The Collapse of the Communist BLOC and the Warsaw Pact

An error occurred trying to load this video.

Try refreshing the page, or contact customer support.

Coming up next: The Reunification of East and West Germany in 1990

You're on a roll. Keep up the good work!

Take Quiz Watch Next Lesson
 Replay
Your next lesson will play in 10 seconds
  • 0:03 Collapse of Communist Bloc
  • 0:35 Warsaw Pact
  • 2:35 End of Soviet Union
  • 4:46 Lesson Summary
Save Save Save

Want to watch this again later?

Log in or sign up to add this lesson to a Custom Course.

Log in or Sign up

Timeline
Autoplay
Autoplay
Speed Speed

Recommended Lessons and Courses for You

Lesson Transcript
Instructor: Christopher Sailus

Chris has an M.A. in history and taught university and high school history.

In this lesson, we explore the fall and breakup of the Warsaw Pact and Eastern Bloc of communist countries allied with, and client states of, the Soviet Union from after World War II until the late 1980s and early 1990s.

Collapse of Communist Bloc

Most of us can remember the 2008 economic collapse affecting us at least a little bit. Even if you were still an adolescent, you likely knew someone's parent who lost their job or had their hours cut. It was proof that even the biggest things in the world (in this case, a global economic powerhouse) could falter and possibly fail. The same is true for the Soviet Union and the Warsaw Pact. Arguably the largest superpower of the second half of the 20th century, the Warsaw Pact broke apart a mere half century after its inception.

Cold War and Warsaw Pact

When World War II (WWII) ended, the United Kingdom, the United States, and the Soviet Union largely decided what post-war Europe would look like. At numerous conferences, the most important of which was the Yalta Conference, the three countries hammered out an agreement that essentially ceded control and influence over most of Eastern Europe to the Soviet Union. Not only did all parties agree to recognize the pre-war and wartime Soviet annexations of states like Lithuania and Latvia, but the Soviet Union was further given influence over a series of Eastern European states, like Czechoslovakia and Poland, creating a series of buffer states which the Soviet Union claimed it required as protection against Western aggression.

In reality, many of these countries quickly became client states of the Soviet Union, with their internal politics and economies directly controlled by the Soviet government in Moscow. When any of these states attempted to scale back communist measures, such as Czechoslovakia did in 1968, the Soviet Union violently suppressed the agents of change to preserve the Eastern Bloc, which is a term often used in the West to refer to this group of communist, Eastern European countries.

Only ten years after the end of WWII, the Soviet Union further solidified its bond with these countries with the creation of the Warsaw Pact. The Warsaw Pact was a 1955 agreement between the Soviet Union and the leaders of several Eastern Bloc states, including Poland, Romania, Hungary, Czechoslovakia, East Germany, Bulgaria, and Albania (though Albania was kicked out in 1962) for mutual military protection.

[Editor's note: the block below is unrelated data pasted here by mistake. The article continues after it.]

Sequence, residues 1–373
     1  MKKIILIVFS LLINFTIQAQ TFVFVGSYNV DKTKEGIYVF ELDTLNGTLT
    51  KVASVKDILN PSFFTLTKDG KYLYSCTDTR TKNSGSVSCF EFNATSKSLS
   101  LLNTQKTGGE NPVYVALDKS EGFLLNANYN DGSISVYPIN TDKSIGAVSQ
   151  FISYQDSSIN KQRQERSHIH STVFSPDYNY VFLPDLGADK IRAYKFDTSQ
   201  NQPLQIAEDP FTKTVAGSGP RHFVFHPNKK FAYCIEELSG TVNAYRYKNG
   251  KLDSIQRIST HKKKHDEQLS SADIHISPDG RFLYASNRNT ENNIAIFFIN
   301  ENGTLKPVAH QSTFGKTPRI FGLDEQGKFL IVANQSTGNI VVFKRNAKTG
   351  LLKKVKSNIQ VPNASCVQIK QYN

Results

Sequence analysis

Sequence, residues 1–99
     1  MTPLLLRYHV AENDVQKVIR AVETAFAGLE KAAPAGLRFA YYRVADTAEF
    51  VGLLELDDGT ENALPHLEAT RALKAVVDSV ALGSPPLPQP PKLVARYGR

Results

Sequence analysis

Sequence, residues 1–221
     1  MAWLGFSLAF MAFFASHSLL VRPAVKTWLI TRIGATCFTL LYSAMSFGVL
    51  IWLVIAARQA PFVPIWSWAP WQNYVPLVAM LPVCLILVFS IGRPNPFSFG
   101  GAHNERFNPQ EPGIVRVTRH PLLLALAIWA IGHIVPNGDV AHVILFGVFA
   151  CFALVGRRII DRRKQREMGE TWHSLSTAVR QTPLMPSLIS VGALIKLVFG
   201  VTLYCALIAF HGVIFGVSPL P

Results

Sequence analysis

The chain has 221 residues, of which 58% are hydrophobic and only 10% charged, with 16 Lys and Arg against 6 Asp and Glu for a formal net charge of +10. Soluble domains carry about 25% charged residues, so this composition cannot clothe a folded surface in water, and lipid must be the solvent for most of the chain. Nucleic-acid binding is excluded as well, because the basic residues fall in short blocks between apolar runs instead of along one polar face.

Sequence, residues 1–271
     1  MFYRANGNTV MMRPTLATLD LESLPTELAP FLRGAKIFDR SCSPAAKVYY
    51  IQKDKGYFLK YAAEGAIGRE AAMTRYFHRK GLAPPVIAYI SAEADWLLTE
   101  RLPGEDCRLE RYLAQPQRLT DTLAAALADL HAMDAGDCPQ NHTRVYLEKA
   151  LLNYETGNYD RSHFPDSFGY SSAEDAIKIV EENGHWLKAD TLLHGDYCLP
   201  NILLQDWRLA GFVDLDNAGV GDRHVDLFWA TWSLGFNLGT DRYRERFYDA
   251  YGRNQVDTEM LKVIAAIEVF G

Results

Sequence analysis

With Soviet influence already pervasive throughout the region, the treaty substantively changed little; it merely made public a situation that already existed. The reason for the pomp and circumstance of signing the treaty was a display of power in response to the United States, the UK, and several other Western countries' creation of the North Atlantic Treaty Organization, or NATO.

End of Soviet Union

Throughout the following decades, the Soviet Union continued to maintain a firm grip on the government and economy of Warsaw Pact countries. However, in the 1980s the failing Soviet economy neared its breaking point and the Soviet government was too stilted and hierarchical to properly react. When Mikhail Gorbachev became leader of the Soviet Union in 1985, he attempted to save the Union through reforms such as perestroika and glasnost.

Perestroika implemented a series of economic reforms meant to introduce a modicum of free trade and scale back the harshest measures of the state-controlled Soviet economy. Similarly, glasnost sought to establish some political and civic freedoms where there had previously been none. Warsaw Pact states were now allowed to have political parties other than the Communist Party, and some freedom of the press was introduced.

To unlock this lesson you must be a Study.com Member.
Create your account

Register to view this lesson

Are you a student or a teacher?

Unlock Your Education

See for yourself why 30 million people use Study.com

Become a Study.com member and start learning now.
Become a Member  Back
What teachers are saying about Study.com
Try it risk-free for 30 days

Earning College Credit

Did you know… We have over 200 college courses that prepare you to earn credit by exam that is accepted by over 1,500 colleges and universities. You can test out of the first two years of college and save thousands off your degree. Anyone can earn credit-by-exam regardless of age or education level.

To learn more, visit our Earning Credit Page

Transferring credit to the school of your choice

Not sure what college you want to attend yet? Study.com has thousands of articles about every imaginable degree, area of study and career path that can help you find the school that's right for you.

Create an account to start this course today
Try it risk-free for 30 days!
Create an account
Support